I know that the amount of solitude that I have allows me to write this blog and my books! Who do you think you are kidding? I think for a lot of us, we have categorical friends… or is it more accurate to say, friends that fulfill different categories of interest?!! Your bond with them is that excitement from playing and studying music. Then, you might also have a completely different friend who is into …. Everyone has challenges. What I find to be frustrating, is that my significant other absolutely loves the character, Raymond Reddington, in the show Blacklist. That character is always full of knowledge and sharing it.
BUT, when I do it, I get disparaged or eye rolls. Something I am slowly working on in this relationship that has plenty of other good to it that I think is worth keeping.
When I was working at my last job, I experienced what you described as well. I would create stuff and problem solve and give to my supervisor and it would end there. I made databases and graphics, and all kinds of stuff that ended up sitting in a folder on my computer, unused. She would get all excited at the idea, but never took any of it anywhere. I finally gave up using my creativity and was bored to death.
So much so, that I would hook up my own laptop and listen to YouTube videos all day at work so my brain had something else to do besides the humdrum of the daily grind since my creativity was not appreciated. At least my mind gets what it wants now and I can create and study and explore at my own leisure. Thank you for sharing these examples, Michelle.
Yes, loneliness is real and painful, but this blog reminds me of ways to make RFM friends and the importance of making an effort to do so thanks for that. Human contact, or furry animal friend, or tree contact, is important. Having those intense periods of concentration to autonomously work away on something of personal interest is truly soul food, and for me, often a more critical factor than having friends who understand those interests and passions. Plus, reading biographies or historical fiction every night while curled up in bed has always made me feel connected to the past and present and realize that whatever my petty worries are, I really have a dream life and therefore nothing to worry enough about to keep me up thinking.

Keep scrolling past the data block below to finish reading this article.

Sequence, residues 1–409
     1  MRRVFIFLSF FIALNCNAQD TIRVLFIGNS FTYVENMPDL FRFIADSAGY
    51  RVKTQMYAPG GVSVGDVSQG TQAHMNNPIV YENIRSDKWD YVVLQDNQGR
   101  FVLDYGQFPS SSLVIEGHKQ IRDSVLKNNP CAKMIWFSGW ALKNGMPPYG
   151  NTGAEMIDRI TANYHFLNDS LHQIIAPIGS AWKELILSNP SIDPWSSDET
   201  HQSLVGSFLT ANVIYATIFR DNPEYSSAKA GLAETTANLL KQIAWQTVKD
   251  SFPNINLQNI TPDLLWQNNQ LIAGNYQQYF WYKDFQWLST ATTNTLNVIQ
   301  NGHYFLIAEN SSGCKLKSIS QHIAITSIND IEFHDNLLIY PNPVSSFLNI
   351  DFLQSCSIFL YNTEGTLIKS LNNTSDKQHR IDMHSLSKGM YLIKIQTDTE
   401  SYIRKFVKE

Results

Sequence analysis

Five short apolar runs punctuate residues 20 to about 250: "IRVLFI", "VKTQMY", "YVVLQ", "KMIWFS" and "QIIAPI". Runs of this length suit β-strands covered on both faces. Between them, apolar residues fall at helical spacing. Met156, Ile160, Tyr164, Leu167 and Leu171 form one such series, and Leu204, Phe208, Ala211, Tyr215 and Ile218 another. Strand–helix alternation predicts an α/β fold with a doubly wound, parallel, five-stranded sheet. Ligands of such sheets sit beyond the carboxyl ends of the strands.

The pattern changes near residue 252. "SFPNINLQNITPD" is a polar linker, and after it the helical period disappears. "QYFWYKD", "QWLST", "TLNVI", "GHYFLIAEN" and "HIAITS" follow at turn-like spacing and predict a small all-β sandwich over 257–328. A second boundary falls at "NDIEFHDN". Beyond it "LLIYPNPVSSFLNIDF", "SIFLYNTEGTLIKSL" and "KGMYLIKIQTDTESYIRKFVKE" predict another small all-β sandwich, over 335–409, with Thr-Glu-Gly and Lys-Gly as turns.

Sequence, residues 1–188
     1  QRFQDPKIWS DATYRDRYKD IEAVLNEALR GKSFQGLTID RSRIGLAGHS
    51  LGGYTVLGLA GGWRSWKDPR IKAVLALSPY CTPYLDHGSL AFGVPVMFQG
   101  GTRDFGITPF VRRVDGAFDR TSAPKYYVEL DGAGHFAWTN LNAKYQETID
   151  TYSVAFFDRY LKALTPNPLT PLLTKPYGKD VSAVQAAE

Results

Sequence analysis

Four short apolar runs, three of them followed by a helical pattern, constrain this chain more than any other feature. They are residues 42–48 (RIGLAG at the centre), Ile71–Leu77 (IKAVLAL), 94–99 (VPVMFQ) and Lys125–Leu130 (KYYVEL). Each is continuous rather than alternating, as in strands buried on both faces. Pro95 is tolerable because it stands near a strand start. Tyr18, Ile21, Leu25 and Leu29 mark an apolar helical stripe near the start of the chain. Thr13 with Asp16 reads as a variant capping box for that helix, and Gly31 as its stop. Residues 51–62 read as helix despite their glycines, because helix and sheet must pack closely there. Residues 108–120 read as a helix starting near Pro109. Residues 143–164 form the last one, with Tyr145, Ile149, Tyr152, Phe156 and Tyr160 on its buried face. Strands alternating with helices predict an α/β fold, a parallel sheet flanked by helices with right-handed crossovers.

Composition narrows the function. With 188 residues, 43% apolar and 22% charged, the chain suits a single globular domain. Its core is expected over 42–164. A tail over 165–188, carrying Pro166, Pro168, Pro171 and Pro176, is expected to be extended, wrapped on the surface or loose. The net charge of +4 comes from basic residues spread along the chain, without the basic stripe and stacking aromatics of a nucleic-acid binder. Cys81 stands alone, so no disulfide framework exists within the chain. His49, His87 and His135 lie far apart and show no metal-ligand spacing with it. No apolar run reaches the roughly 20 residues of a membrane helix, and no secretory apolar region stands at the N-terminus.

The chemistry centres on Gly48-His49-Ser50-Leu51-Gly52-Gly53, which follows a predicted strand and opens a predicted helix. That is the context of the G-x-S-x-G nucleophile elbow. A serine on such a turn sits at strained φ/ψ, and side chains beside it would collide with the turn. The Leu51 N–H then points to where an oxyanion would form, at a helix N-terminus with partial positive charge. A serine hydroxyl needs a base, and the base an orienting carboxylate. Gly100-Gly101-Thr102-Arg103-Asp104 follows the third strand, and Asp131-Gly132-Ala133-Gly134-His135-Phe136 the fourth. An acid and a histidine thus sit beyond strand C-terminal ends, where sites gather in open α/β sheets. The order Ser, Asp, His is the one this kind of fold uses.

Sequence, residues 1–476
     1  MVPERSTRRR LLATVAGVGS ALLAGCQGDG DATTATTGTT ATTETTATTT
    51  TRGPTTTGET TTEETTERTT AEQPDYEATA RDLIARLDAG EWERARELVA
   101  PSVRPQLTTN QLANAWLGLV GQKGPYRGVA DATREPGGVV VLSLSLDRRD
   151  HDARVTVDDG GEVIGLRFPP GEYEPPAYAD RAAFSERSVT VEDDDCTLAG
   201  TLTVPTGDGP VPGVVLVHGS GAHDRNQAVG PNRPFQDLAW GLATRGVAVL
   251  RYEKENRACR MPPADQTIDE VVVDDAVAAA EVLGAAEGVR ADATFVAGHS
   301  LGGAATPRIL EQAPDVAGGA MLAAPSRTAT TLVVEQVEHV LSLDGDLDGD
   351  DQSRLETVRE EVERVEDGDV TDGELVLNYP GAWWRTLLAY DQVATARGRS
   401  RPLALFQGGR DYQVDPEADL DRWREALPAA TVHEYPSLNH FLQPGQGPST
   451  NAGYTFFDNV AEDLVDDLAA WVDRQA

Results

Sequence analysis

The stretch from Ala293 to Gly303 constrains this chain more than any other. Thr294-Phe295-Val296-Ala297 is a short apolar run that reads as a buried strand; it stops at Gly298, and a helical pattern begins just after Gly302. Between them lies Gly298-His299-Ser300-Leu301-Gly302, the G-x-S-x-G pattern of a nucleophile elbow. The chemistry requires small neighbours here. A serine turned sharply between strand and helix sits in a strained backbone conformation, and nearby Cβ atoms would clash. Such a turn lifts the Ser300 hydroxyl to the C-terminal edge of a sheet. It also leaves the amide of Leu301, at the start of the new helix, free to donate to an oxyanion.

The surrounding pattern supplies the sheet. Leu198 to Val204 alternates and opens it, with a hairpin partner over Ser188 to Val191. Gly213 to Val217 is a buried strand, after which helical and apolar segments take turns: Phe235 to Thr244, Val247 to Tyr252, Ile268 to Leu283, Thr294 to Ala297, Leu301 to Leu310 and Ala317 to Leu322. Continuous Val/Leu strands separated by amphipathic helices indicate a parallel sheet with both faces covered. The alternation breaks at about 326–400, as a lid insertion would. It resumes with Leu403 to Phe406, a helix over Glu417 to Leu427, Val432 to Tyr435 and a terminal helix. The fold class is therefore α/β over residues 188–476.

It nice to be able to chat to likeminded people, even if its just online. The suggestion is long-term loneliness can have detrimental health effects. Studies are recognizing that there is a worldwide problem of loneliness in all people. Today we have the most tools to facilitate communication and connection at any point in our history while we are lonelier than ever, coincidence, correlation, or ironic happenstance?
The pool of potential friends is often bounded by imaginary or perceived sexual dynamics. I ended up withdrawing from people because as you suggest, it often seems like a healthier choice to be lonely than to be constantly traumatized.
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What recently happened to a writer resonated with me. A story she wrote for The New Yorker went viral, and while she was happy that her writing was resonating with people, she was overwhelmed by it all, and especially by all the negativity and hate — most of it unfounded — that it attracted to her. She wrote about it in a subsequent article:. Almost everyone we encounter thinks about us.
Bad hair, they think, as they pass us on the street.
Annoying voice. Nice legs. Gummy smile. Stained shirt. I am not trying to justify my own social anxiety and withdrawal, but the fact is that we cannot survive in this world without having at least one or two people not misjudge us so that we can successfully graduate from school, obtain a job, or simply not be assaulted or thrown in jail. That was a great article suggestion. A wonderful illustration how in some situations the paradoxical outcome can show the only thing potentially worse than failure is success.
Which leads back to my curiosity and bafflement about the paradoxes in connection. Where do you see the origin point of the paradox when we are seeking connection and relationship, but self sabotage it through error laden judgments rather than opening to diverse possibility? Is that question directed at me? I do know that I was far more outgoing and much more of an open book when I was younger. I used to take that as an insult until I understood that she meant that I was unafraid to be myself because I was unaware how much that made some people hate me.
Once I understood this, I spent many years going out of my way to try and make sure people were not getting the wrong impression about me. But when you see that your own family and friends are blinded by widespread cultural biases, you realize what an uphill battle that is, and then withdrawal becomes less about licking wounds and self preservation and more about picking your battles.